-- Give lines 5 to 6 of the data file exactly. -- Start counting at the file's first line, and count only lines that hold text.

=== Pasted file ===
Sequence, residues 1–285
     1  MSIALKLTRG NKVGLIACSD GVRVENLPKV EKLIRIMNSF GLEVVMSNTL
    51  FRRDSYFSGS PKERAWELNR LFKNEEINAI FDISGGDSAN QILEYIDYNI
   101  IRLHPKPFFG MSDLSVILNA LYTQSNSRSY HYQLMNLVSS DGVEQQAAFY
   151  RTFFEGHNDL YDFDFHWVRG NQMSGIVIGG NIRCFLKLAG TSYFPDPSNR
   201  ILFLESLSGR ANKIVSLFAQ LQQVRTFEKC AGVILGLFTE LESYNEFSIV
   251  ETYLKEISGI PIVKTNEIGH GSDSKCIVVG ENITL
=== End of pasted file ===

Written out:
   151  RTFFEGHNDL YDFDFHWVRG NQMSGIVIGG NIRCFLKLAG TSYFPDPSNR
   201  ILFLESLSGR ANKIVSLFAQ LQQVRTFEKC AGVILGLFTE LESYNEFSIV